Nick Clegg was the leader of the Liberal Democrats in the United Kingdom from 2007-15, and served as the U.K.'s Deputy Prime Minister in a coalition formed with Prime Minister David Cameron
of the Conservative Party from 2010-15. Nick Clegg studied anthropology at Cambridge (graduating in 1989), then studied political philosophy for a year at the University of Minnesota and later at the College of Europe in Bruges, Belgium. For five years he worked for the European Commission in Brussels, and in 1999 he was elected as a Member of the European Parliament for the East Midlands. Clegg resigned that post in 2004, and in 2005 he was elected as a U.K. Member of Parliament for Sheffield Hallam. By the end of 2007, he'd achieved the position of party leader for the Liberal Democrats, aiming to boost the popularity of his party as an alternative to the Conservatives on one side and the Labour Party on the other. The close elections of May 2010 resulted in a hung parliament, but Clegg and his party emerged as a viable alternative to Labour's Gordon Brown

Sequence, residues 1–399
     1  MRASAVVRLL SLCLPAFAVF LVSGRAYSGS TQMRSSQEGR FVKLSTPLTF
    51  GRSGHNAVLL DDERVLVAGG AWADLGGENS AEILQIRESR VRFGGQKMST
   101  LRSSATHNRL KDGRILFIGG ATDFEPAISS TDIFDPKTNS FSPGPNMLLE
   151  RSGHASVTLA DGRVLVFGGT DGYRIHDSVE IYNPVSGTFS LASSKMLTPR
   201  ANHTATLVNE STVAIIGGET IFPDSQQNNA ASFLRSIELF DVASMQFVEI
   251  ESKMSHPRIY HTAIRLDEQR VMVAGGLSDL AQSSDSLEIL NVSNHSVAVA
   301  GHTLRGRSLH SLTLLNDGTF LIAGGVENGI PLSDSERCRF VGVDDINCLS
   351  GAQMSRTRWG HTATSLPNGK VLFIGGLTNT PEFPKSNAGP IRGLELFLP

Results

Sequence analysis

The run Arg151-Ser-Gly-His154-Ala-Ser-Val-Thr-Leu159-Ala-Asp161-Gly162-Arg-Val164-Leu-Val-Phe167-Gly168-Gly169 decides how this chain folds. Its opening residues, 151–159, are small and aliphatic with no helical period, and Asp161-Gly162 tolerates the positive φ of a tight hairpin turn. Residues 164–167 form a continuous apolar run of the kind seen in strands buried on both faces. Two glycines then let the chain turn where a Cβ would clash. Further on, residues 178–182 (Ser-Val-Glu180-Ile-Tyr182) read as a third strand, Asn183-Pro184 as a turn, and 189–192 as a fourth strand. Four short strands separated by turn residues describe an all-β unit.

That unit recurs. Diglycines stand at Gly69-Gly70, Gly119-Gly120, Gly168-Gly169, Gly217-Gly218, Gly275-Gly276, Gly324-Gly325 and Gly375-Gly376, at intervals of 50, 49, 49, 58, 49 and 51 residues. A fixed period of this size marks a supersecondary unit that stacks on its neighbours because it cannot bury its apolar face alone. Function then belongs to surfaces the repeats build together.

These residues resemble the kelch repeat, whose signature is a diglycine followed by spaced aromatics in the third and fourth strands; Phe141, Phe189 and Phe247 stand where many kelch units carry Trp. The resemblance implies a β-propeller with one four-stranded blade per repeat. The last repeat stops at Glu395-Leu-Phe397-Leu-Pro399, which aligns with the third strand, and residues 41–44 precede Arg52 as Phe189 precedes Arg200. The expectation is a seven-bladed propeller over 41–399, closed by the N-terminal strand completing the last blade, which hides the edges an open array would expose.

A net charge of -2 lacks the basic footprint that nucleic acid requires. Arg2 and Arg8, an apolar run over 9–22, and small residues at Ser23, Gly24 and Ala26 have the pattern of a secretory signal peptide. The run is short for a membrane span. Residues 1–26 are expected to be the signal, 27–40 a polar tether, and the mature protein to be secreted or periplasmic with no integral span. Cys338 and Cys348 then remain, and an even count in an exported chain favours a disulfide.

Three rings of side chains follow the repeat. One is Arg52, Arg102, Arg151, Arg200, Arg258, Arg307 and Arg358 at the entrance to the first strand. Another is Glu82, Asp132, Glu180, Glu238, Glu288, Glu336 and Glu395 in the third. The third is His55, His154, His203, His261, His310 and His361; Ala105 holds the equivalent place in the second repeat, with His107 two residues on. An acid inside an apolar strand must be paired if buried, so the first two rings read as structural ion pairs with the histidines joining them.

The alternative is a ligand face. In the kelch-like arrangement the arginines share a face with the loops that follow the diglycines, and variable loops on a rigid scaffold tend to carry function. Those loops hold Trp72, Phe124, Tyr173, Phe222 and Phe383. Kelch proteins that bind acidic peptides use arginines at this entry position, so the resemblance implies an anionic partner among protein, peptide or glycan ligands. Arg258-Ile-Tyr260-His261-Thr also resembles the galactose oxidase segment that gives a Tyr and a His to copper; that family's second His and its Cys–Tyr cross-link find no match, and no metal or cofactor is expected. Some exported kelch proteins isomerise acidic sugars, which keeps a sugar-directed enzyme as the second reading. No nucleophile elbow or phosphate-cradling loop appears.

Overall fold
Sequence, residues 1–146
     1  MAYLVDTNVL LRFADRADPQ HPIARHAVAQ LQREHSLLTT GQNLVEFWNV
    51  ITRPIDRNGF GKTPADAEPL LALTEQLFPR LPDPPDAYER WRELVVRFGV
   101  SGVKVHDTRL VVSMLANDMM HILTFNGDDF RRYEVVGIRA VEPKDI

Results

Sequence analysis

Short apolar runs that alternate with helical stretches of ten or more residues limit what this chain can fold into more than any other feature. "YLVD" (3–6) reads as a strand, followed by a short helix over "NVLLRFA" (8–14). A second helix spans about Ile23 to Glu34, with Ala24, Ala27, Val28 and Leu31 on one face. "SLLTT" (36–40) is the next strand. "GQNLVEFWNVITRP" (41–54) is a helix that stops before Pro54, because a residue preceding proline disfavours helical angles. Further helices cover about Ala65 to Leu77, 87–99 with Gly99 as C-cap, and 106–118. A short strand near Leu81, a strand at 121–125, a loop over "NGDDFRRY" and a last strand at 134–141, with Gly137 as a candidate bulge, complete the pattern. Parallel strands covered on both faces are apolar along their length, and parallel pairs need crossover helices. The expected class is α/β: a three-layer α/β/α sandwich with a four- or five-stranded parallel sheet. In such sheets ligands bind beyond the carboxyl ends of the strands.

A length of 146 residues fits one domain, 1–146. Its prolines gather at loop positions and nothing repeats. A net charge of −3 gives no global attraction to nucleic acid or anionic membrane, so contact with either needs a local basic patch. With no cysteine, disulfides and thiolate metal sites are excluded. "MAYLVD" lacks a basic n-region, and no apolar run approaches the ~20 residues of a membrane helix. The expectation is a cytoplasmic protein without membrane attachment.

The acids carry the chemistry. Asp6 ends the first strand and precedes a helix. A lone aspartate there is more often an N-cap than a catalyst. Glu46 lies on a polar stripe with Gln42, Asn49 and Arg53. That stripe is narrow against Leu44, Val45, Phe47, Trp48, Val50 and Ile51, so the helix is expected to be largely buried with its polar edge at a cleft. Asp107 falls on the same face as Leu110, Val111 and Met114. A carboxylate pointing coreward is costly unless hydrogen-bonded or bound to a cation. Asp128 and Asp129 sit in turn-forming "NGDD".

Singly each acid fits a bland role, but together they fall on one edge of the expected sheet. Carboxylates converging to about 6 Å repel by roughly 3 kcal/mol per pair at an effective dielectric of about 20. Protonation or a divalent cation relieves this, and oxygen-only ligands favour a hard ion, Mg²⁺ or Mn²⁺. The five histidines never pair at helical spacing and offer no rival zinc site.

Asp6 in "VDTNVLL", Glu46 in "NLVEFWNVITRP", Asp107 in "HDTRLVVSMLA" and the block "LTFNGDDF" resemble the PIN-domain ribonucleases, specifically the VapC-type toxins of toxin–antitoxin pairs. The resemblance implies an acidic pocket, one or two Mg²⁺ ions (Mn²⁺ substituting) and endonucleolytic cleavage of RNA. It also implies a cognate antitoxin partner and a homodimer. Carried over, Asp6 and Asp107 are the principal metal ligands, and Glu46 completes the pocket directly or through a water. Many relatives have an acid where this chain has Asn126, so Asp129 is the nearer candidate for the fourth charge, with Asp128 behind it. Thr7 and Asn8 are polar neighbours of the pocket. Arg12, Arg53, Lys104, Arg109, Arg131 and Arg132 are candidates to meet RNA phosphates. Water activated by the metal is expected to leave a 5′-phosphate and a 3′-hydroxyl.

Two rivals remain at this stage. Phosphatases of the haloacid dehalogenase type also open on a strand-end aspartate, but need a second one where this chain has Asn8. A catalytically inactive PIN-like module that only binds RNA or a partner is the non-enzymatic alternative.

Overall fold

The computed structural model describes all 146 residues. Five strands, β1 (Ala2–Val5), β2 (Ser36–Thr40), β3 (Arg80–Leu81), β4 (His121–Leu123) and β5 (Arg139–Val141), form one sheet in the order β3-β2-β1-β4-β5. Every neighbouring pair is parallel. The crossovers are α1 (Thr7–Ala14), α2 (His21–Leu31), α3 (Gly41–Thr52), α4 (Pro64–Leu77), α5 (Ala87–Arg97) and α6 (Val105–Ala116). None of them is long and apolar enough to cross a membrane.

, putting Clegg in position to demand a voice in the new coalition government under Cameron. A dyed-in-the-wool liberal, Clegg aggravated some in his own party by working with the Conservatives, and U.K. loyalists considered his multinationalism to be suspect, at best. But he gained a reputation for being an honest, if sometimes naive, reformer. After a weak showing for Liberal Democrats in the elections of 2015, Clegg stepped down as party leader. He was then defeated in the general election of 2017, losing his seat as MP to Labour's Jared O'Mara.